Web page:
Despite what social media applications would have us believe, we are hard-wired for in-person contact, which includes touch, eye contact, and smiles. Such daily interactions provide a boost of oxytocin, the original love drug. Oxytocin helps us bond with others and care for others while also helping reduce cortisol, a key stress hormone.

 

Because you get to decide where and how often you volunteer, contributing to your community is a powerful way to meet others, make new friends, and share common beliefs and goals. These connections can become more important when you face an ordeal, either individually or together with your neighbors. An existing social support network can direct you to necessary services or offer a shoulder to cry on.

 

Peer volunteering seems to provide a particularly strong bond. Have you ever told someone about a difficult situation you are facing and heard the response, “I know exactly how you feel” and then listen to their completely unrelated, perhaps even trivial, recounting of an event? While such people have good intentions, these researchers state, “Honest empathy is a powerful balm.”

 

Get your movement in

How cool is it that the Indiana University has an Interdisciplinary Program for Empathy and Altruism Research? Director Sara Konrath, PhD has studied the science of giving extensively. One of the benefits repeatedly noted in the research is physical movement. At the very least, you have to get off the couch and get out of the house, which will make us stronger and more physically fit. The increase in physical activity (even if you are not volunteering with Habitat for Humanity) may directly improve cardiovascular function, or may provide an indirect benefit of delaying functional limitations. In other words, it can get you strong or keep you strong.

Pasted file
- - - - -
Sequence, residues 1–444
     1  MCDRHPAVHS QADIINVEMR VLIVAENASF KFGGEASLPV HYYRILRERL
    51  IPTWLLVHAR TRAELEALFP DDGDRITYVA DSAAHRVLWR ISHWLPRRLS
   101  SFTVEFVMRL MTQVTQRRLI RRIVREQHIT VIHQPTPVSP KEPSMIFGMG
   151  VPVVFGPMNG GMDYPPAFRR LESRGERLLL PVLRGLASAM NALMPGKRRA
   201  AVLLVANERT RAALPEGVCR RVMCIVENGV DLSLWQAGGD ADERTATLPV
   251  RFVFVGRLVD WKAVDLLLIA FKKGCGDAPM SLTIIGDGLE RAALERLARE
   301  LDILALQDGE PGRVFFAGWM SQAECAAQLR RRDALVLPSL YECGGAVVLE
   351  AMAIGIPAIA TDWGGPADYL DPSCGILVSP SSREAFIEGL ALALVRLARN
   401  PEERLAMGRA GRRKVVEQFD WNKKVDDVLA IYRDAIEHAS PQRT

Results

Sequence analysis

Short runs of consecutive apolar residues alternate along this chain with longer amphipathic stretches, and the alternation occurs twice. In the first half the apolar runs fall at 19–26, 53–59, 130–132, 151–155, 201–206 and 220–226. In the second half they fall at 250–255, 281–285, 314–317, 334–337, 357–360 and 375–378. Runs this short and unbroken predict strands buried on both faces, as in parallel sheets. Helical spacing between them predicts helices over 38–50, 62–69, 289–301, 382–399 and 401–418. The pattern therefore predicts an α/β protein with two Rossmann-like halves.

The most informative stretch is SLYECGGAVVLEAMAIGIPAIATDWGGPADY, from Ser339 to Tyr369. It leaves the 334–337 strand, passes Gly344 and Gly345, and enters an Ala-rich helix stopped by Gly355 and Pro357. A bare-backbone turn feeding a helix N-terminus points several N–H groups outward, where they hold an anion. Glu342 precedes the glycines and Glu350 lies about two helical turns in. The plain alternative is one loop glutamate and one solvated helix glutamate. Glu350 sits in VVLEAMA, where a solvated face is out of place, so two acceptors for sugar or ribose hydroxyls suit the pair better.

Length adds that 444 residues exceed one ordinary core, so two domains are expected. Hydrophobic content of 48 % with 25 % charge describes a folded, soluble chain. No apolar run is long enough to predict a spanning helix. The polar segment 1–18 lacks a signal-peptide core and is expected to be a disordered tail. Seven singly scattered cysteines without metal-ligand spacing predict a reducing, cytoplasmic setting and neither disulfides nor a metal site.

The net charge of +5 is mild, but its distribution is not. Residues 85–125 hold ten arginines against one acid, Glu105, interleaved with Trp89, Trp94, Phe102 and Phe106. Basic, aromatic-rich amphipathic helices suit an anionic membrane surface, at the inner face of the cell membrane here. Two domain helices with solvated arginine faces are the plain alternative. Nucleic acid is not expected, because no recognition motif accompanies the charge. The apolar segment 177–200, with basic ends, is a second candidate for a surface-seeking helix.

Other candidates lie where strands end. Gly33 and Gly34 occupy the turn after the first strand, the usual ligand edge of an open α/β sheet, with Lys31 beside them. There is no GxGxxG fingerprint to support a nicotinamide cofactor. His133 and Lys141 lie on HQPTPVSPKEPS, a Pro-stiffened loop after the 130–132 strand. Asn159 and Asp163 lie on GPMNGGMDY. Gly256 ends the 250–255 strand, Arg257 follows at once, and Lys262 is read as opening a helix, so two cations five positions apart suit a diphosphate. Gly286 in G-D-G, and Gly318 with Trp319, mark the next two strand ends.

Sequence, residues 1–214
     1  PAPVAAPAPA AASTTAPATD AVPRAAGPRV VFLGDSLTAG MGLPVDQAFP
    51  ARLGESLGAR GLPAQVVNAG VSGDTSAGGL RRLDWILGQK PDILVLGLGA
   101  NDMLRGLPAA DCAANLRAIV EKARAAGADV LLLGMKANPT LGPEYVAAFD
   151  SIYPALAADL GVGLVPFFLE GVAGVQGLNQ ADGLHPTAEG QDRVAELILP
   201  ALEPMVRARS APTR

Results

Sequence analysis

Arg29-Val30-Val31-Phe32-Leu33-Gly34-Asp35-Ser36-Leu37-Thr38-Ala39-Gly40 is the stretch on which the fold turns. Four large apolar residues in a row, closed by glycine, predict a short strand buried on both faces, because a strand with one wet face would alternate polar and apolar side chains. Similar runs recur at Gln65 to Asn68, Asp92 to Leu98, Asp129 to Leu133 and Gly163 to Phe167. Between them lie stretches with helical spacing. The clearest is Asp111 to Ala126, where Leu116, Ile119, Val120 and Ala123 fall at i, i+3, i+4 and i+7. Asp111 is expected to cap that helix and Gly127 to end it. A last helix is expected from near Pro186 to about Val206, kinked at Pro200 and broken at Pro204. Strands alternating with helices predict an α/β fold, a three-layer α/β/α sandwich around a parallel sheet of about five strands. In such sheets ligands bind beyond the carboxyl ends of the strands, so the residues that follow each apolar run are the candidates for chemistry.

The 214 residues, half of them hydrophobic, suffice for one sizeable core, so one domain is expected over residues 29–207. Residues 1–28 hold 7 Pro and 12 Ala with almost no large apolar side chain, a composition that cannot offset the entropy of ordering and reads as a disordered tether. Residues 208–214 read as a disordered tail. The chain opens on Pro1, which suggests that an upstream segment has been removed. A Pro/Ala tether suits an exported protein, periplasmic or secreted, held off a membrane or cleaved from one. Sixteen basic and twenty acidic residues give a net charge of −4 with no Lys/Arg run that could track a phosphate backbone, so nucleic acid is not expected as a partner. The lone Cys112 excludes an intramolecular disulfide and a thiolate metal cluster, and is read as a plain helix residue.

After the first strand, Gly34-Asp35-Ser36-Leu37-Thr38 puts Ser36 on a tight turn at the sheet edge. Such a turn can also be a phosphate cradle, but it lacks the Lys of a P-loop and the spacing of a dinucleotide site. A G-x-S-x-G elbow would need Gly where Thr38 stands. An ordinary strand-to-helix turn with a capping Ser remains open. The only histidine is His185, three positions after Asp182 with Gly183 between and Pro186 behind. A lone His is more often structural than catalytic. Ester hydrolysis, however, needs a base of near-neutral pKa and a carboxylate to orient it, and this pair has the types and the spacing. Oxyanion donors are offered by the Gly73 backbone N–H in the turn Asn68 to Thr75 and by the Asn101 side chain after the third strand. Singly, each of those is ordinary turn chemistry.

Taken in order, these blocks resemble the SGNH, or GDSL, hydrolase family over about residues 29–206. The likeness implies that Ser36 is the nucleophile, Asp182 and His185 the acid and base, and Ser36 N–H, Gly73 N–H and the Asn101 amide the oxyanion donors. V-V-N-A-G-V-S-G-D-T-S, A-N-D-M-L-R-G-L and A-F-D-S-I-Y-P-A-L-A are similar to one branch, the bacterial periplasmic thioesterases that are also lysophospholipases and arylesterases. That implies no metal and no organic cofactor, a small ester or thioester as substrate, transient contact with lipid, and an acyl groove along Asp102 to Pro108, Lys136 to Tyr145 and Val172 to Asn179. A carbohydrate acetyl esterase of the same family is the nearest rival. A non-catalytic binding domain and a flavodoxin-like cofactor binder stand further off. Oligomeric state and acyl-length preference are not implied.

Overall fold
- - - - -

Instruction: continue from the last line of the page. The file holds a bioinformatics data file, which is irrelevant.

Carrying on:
Overall Health

Obviously, right? Here I’m referring not to the specific conditions mentioned earlier, but to use of medical services. This Harvard School of Public Health study found that over a two year period, volunteers were more likely to use preventative medical services such as flu shots, mammograms, cholesterol tests, Pap smears, and prostate  exams. Most importantly, volunteering was positively correlated with a reduction in hospital stays. Volunteers spent 38% fewer nights in hospitals than their peers.

 

“I’ve been looking at this for years now, and I haven’t found a study where volunteering didn’t affect health positively in some way.”

– Dr. Eric Kim, Harvard School of Public Health

 

Sense of Purpose

Have you ever had a day when you simply did want to leave the bed? Not due to illness, but due to lack of reason? Whether it was a midlife crisis, existential angst, overwhelming grief, or just a crap day, sometimes it is hard to find a reason to get up. As reported in Journal of Gerontology, volunteering can give people, especially older adults, a sense of purpose. A friend of mine in her early 70’s recently told me that she is having the time of her life now that she is coming out of the fog of grief over her deceased husband. In her words, “I am no longer anyone’s daughter. I’m not a caretaker. I don’t have to mother my grown children everyday. I’m not a working professional. I am just me. I get to do whatever I want!” She is reveling in her new freedom and is enjoying finding what it is that she wants to do now that she isn’t obligated to do anything.